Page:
“Tanna devei Eliyahu, the school of Eliyahu, taught: Kol hashoneh, all who study (and review) halachot every day are guaranteed that they are destined for the World-to-Come, as it is stated: ‘His ways, halikhot, are eternal’ (Habakkuk 3:6). Do not read the verse as halikhot; rather, read it as halakhot” (Nidah 73a).
With no Tanna by the name of Eliyahu in Mishnaic literature, we must look elsewhere to discover who this “Tanna devei Eliyahu” might be. And we need not look too far.
“And it came to pass, as they still went on and talked that, behold, there appeared a chariot of fire, and horses of fire, and parted them both asunder; and Eliyahu went up by a whirlwind into heaven”. Apparently Eliyahu Hanavi did not “die” in the conventional sense; rather, he ascended to heaven but maintained a presence on earth. We thus find Eliyahu appearing before our Sages, reporting on goings-on beyond this earth and imparting teachings to us in this world.
“Eliyahu used to come to R. Anan, upon which occasions the prophet recited the Seder Eliyahu to him…Rav Anan made a box [to hide from his presence] and he sat before Eliyahu until he taught him all of his Seder” (Ketubot 106a). These teachings, the Tanna devei Eliyahu, were later compiled into a Midrashic work known as Seder deEliyahu Rabba, and Seder Eliyahu Zuta.
Eliyahu Hanavi is the bridge between this world and the next, between the past and the future. As we make havdalah on Saturday night, transitioning from me’ein olam haba, a foretaste of the World-to-Come, to the routine of this world, it is Eliyahu Hanavi whom we invoke in song. He is “present” at every brit milah, welcoming a newborn into the covenant. He is welcomed to the Pesach seder just at the point where we transition from discussing our redemption from Egypt to the redemption of the future. It is Eliyahu who, our tradition teaches, will announce the coming of the Mashiach.
So it should come as no surprise that it is Tanna devei Eliyahu who teaches how we can guarantee our place in the World-to-Come. It is the study, actually the daily review, of halacha, that is the pathway to heaven. As learning must lead to action, the daily review of halacha is a call to follow the dictates of Jewish law. An ignorant person cannot be a pious person. In order to observe the halacha day in and day out, we must study it day in and day out. It is Eliyahu who links those in this world to those in the next.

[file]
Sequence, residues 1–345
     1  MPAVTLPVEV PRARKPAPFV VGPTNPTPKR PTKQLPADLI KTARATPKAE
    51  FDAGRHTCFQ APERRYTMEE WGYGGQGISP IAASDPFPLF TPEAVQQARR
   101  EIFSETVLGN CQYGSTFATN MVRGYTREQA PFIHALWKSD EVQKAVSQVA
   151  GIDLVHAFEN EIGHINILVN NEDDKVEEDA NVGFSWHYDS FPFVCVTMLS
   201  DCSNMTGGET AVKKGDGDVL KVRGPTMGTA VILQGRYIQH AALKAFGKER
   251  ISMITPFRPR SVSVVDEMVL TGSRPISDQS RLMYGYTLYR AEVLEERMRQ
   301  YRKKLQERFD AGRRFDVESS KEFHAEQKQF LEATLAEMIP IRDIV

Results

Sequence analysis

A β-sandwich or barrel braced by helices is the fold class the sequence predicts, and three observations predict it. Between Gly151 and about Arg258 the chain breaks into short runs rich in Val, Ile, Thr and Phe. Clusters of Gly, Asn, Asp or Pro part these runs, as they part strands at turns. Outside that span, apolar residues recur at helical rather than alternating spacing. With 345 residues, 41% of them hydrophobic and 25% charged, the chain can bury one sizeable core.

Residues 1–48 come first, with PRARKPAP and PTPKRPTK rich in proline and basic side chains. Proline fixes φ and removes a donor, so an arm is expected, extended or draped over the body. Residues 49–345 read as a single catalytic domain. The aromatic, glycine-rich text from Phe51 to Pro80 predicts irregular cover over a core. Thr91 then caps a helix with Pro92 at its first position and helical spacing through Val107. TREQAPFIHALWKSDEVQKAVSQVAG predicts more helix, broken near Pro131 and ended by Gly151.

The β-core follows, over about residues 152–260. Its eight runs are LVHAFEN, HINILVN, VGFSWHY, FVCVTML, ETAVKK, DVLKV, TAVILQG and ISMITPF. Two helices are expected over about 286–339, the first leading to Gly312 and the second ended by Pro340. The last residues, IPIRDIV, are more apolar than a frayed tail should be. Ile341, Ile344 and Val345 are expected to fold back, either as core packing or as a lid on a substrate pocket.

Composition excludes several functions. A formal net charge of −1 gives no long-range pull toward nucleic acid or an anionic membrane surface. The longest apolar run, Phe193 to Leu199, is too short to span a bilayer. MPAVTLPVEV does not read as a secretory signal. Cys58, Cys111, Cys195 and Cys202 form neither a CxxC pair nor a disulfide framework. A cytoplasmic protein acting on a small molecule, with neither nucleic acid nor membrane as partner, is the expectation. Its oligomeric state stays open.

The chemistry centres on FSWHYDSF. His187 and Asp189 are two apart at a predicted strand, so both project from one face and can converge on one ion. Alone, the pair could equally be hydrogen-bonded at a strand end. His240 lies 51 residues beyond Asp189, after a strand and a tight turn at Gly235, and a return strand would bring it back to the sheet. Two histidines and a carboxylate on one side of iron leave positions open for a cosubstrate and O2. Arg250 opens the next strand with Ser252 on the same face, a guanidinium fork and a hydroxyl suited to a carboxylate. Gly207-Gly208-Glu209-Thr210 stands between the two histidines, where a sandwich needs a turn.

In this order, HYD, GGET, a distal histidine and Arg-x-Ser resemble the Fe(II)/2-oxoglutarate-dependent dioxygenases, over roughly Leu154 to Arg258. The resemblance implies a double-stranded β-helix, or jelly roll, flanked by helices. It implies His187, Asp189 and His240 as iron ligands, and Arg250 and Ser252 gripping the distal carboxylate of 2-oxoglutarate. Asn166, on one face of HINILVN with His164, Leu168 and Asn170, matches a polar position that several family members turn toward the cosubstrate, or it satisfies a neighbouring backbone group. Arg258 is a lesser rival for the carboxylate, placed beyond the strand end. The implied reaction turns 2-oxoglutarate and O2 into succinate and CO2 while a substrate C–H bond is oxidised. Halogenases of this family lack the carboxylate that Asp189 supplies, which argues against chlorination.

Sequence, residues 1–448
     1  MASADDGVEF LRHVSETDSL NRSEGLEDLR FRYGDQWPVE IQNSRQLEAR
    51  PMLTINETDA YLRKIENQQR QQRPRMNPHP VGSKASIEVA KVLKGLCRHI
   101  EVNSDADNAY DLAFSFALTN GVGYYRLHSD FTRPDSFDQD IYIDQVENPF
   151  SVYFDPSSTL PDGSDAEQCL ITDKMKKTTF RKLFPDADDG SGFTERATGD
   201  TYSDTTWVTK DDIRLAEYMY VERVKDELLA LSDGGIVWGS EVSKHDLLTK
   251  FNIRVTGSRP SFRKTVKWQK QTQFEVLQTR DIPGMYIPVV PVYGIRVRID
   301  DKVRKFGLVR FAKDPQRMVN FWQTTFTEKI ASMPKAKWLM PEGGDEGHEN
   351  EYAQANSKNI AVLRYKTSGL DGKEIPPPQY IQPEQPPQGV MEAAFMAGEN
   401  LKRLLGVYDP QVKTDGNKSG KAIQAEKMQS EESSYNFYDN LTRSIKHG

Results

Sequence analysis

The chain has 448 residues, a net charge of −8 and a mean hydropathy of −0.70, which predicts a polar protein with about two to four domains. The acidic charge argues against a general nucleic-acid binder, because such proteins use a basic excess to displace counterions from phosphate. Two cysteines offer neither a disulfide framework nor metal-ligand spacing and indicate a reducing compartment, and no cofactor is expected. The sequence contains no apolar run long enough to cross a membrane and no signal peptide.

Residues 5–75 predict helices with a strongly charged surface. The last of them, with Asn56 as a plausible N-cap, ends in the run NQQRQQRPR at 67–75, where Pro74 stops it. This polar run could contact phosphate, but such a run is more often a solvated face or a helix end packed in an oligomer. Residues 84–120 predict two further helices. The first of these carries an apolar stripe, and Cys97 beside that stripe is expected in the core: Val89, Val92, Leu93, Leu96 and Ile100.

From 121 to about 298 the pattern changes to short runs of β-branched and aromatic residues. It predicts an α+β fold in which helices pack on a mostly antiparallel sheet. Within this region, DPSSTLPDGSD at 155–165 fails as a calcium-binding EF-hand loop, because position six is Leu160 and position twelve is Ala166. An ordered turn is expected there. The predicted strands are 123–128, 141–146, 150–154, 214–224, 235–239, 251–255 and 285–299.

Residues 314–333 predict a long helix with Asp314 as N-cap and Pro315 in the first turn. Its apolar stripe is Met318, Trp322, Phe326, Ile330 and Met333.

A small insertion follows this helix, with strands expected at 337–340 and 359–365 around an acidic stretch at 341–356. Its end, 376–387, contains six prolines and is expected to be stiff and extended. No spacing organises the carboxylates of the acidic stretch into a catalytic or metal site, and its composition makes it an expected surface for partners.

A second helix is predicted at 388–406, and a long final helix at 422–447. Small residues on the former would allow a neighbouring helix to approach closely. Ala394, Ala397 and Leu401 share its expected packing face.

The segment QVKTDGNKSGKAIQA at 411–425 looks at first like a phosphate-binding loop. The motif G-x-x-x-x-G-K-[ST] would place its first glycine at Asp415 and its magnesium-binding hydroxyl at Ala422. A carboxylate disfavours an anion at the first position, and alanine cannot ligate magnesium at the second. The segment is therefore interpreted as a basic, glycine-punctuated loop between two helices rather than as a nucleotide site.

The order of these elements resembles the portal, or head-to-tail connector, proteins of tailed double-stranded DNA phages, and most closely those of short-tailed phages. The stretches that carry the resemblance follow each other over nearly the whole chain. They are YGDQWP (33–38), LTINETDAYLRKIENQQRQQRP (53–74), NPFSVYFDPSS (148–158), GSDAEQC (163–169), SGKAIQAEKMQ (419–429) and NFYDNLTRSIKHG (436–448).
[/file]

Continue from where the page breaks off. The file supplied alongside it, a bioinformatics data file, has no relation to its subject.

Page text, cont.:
This is a beautiful teaching, so beautiful to the editors of the Gemara that they put this as the final words of the Talmud Bavli. For those who have been studying Daf Yomi (Mazal Tov!) for the past seven years, five months and three days, 2,711 double-sided pages, it is this teaching with which we conclude.
The Tosafists (Nidah 73a, s.v. Tanna) explain that the Talmud wants to “end with a good thing”, much like we always end the reading of the Haftarah on a positive note. This explanation is quite plausible, but needs some refining. We already have another teaching used by the Talmud to end masechtot Brachot, Yevamot, Nazir, Kritot and Tamid on a “good thing”. Namely, the teaching of Rabbi Elazar in the name of Rabbi Chanina that “Torah scholars increase peace in the world…. The Lord will give strength unto his people; the Lord will bless his people with peace”. Why not end masechet Nidah the same way, linking the first and last masechtot of the Talmud with the blessing of Torah and peace? That G-d should grant us the blessing of peace is how we end our daily prayers, and it is how Rebbe Yehuda Hanassi ended the Mishna in masechet Uktzin. “Rabbi Shimon ben Halafta said: The Holy One, Blessed be He, found no vessel that could contain blessing for Israel save that of peace, as it is written: ‘The Lord will give strength unto his people; the Lord will bless his people with peace.’”